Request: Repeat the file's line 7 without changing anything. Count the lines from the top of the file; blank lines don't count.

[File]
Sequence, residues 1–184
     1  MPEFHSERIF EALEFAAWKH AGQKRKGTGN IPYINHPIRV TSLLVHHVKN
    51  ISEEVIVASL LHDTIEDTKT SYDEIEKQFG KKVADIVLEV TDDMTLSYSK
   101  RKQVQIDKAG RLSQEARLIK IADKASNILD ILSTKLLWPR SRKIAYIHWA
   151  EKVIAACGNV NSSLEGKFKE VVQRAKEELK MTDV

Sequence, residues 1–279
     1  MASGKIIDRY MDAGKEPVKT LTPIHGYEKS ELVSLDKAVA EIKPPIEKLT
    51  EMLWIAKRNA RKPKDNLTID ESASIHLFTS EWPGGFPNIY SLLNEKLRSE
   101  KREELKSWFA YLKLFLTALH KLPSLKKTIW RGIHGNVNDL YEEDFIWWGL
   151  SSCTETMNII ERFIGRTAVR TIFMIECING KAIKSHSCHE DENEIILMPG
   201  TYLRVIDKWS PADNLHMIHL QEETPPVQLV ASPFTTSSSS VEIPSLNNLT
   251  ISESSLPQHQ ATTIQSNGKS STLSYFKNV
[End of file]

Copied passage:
     1  MASGKIIDRY MDAGKEPVKT LTPIHGYEKS ELVSLDKAVA EIKPPIEKLT